In the Commonwealth saga, where as humans get older they start to seek rejuvenation to return to their biological twenties and effectively live forever, and in the Void trilogy where Biononics allow the user almost complete bodily autonomy including desired biological age, it is not uncommon for the citizens to have children across multiple lives (rejuves).

My question is whether it is ever explained either in the books or externally by the author how this is possible, because whilst males should be able to have children effectively indefinitely, females should eventually run out of eggs and with the descriptions of rejuvenation "resetting" biological age (and more so with biononics) the eggs needed to have children don't seem to be "replenished" for lack of a better word.

1 Answer 1


I don't believe ova are specifically referenced. The rejuvenation process is described in Misspent Youth as being based around resetting DNA from the individual to a younger age, and then vectoring it in to every cell in the body.

Researchers were aiming for the ability to vector new and complete DNA strands into every component of the human body. It was DNA copied from the patient, then engineered back to the state of late adolescence, before they began losing telomeres and suffering replication errors.

There is clearly something more to it than that, as the end result is resetting the body entirely to a younger age, which a simple DNA reset of each cell would not achieve - excess weight is lost, hair follicles are restored, lost teeth regrow, etc.

Jeff Baker grinned at himself, revealing teeth that were perfectly straight and white.

It seems that the technique is based on a DNA reset, but the full technique then uses the 'young' DNA as a template to restore the entire body to a younger age - including ovarian follicles.

In the Commonwealth novels, rejuvenation appears to work as a reverse aging process - it takes time to reset to any given age, and less time in rejuvenation will take less years off as described in Pandora's Star:

He’d returned from his partial rejuvenation on Augusta having had about fifteen years taken off his age.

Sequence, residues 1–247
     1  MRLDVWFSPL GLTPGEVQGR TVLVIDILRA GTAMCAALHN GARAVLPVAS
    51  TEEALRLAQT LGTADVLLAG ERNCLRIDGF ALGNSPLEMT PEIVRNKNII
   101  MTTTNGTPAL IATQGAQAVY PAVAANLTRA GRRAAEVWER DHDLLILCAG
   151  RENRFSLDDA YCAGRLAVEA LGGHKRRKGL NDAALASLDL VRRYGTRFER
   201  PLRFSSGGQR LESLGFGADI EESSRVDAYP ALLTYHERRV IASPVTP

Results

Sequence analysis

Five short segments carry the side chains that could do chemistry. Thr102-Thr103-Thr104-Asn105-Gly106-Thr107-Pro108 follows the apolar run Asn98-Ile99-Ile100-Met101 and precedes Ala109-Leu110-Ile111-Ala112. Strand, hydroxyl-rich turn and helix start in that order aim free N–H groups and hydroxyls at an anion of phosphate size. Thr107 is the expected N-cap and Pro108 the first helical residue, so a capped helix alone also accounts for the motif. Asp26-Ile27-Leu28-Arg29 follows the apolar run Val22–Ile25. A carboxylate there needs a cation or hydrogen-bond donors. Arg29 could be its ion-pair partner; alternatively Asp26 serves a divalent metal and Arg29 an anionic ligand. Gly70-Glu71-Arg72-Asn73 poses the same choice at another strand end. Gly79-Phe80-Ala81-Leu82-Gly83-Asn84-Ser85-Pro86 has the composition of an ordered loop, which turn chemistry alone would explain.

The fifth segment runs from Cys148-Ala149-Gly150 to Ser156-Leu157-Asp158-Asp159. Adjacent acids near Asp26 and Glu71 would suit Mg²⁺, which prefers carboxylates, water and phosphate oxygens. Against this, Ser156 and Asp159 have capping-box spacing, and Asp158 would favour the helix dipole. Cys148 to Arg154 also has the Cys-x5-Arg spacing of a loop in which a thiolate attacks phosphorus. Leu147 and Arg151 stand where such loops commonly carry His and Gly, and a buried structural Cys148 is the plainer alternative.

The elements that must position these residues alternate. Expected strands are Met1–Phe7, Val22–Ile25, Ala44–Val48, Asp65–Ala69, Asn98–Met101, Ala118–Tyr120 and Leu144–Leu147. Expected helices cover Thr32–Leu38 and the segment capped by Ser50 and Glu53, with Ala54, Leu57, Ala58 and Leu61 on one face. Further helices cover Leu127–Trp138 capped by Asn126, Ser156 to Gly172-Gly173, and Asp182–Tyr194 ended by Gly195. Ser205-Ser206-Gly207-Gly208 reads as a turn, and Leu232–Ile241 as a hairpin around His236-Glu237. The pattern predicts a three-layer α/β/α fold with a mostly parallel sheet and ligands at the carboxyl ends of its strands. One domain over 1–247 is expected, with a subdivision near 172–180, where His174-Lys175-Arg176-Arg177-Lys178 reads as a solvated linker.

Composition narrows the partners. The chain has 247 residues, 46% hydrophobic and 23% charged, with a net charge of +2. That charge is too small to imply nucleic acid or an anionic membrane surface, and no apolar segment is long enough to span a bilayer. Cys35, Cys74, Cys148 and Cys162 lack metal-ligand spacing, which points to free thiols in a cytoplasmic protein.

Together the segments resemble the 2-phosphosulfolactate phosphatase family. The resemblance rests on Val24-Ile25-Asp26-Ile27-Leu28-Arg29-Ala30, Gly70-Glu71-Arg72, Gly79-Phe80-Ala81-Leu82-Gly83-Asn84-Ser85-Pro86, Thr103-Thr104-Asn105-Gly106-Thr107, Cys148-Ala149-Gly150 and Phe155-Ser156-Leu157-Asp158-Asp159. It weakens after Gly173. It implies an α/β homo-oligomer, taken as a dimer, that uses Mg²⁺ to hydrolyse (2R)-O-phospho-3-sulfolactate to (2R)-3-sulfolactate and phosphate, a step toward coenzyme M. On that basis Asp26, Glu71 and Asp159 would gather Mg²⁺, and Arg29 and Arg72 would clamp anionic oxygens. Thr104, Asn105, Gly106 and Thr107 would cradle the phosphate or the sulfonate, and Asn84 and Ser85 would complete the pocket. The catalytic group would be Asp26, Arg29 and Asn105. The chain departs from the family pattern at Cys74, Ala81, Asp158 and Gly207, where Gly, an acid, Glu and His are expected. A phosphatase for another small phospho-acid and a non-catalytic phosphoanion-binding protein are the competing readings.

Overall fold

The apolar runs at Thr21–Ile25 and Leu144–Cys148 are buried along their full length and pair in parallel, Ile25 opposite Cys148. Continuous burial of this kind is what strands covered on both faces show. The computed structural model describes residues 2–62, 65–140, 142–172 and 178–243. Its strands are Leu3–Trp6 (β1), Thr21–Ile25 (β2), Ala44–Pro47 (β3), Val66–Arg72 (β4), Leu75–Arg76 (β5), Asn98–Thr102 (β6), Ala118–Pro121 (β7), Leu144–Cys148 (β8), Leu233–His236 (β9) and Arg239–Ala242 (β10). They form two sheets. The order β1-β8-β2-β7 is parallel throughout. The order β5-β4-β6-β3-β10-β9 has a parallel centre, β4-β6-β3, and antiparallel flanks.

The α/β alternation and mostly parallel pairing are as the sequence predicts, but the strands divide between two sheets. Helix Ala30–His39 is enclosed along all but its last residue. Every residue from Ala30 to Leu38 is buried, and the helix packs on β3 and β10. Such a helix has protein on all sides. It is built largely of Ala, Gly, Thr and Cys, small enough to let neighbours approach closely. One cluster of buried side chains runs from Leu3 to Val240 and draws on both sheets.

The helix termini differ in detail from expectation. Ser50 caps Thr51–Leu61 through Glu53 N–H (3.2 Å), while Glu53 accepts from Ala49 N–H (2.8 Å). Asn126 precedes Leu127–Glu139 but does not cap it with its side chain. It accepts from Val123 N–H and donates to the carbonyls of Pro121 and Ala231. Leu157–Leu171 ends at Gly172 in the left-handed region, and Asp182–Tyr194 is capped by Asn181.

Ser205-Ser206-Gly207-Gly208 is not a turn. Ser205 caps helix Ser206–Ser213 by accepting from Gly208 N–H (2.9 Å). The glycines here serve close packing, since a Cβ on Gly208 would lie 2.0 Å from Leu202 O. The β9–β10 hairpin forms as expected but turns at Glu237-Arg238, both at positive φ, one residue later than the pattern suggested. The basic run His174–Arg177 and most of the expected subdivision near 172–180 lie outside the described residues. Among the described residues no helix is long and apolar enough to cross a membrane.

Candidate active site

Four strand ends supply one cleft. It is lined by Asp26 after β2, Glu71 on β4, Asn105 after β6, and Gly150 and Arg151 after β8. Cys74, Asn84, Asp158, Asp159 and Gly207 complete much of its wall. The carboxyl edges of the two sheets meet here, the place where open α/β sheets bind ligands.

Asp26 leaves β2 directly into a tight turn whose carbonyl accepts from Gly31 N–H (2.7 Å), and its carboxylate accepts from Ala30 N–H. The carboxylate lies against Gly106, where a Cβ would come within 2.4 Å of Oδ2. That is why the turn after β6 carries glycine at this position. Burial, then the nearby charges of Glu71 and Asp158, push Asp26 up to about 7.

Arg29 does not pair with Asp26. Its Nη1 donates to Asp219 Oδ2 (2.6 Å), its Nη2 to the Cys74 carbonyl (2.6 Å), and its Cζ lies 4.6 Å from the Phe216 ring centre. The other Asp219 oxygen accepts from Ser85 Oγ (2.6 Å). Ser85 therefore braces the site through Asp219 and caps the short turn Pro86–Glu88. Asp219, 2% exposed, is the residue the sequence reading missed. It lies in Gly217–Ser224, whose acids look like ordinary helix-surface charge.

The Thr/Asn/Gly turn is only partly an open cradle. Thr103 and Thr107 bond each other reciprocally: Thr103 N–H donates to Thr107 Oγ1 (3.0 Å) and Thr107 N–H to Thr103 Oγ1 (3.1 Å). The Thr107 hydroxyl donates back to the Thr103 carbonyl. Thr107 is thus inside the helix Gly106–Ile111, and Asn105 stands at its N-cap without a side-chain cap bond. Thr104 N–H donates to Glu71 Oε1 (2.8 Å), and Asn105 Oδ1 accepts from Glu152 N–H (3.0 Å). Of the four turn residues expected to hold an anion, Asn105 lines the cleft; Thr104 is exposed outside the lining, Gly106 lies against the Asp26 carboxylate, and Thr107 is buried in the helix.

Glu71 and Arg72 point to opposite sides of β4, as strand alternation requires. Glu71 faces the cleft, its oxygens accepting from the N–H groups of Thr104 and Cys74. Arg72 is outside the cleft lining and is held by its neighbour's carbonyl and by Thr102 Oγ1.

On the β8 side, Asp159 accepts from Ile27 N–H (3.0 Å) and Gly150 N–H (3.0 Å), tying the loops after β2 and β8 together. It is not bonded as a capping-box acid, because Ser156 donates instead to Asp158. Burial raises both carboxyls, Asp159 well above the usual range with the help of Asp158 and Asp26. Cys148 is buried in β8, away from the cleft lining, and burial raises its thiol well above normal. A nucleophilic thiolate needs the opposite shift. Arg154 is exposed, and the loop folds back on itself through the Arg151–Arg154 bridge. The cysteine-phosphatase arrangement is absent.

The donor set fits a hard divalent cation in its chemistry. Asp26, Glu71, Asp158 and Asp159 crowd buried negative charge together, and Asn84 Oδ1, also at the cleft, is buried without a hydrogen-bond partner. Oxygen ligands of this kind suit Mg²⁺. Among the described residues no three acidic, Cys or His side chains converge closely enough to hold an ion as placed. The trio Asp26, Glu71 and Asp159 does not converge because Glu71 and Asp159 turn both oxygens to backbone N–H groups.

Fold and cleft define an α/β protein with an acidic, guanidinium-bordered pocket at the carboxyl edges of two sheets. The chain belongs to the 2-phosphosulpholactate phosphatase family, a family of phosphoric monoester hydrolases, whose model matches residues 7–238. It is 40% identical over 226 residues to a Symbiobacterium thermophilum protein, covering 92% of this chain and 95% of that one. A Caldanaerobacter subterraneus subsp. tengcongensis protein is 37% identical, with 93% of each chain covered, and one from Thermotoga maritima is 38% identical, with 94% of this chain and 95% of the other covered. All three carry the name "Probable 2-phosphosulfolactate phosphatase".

So again, it's not a simple DNA reset - there is a process that gradually reverses the impact of aging, with nothing to suggest it would not work on ovaries as well as any other part of the body.

The Dreaming Void makes a similar claim for biononics:

the body doesn’t age biologically after you hit twenty-five.

Again, it doesn't just claim lack of cellular ageing, but no biological ageing - with no distinction between the ovaries and any other part of the body.

  • While human females are born with 1-2million potential eggs, these actually die off at a rate where only 300,000 on average are left by the time puberty is reached, and then thousands die per month until menopause. So its not just a question of restoring ovarian follicles to a younger age, it would actually mean replacing them - but given they've solved the other issues, it wouldn't be a stretch to think that they've resolved the issue of creating new eggs from stem cells (which has been demonstrated in mice in the real world).
    – Moo
    Apr 18 at 0:52
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    If the process can restore the number of hair follicles, no reason it can't do the same for ovarian follicles. It's just a bit hand-wavy on how this is accomplished. All parts of the body, including the ovaries, are reset to the state they were in at a younger age.
    – Michael
    Apr 18 at 5:56
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    And don't forget about Bellisario's Maxim. A good scifi author never lets limitation of the real world interfere with good worldbuilding. A technology like age reversal doesn't need to be plausible in the context of real-world biology. It just needs to be plausible in the context of the world the author created.
    – Philipp
    Apr 18 at 10:23

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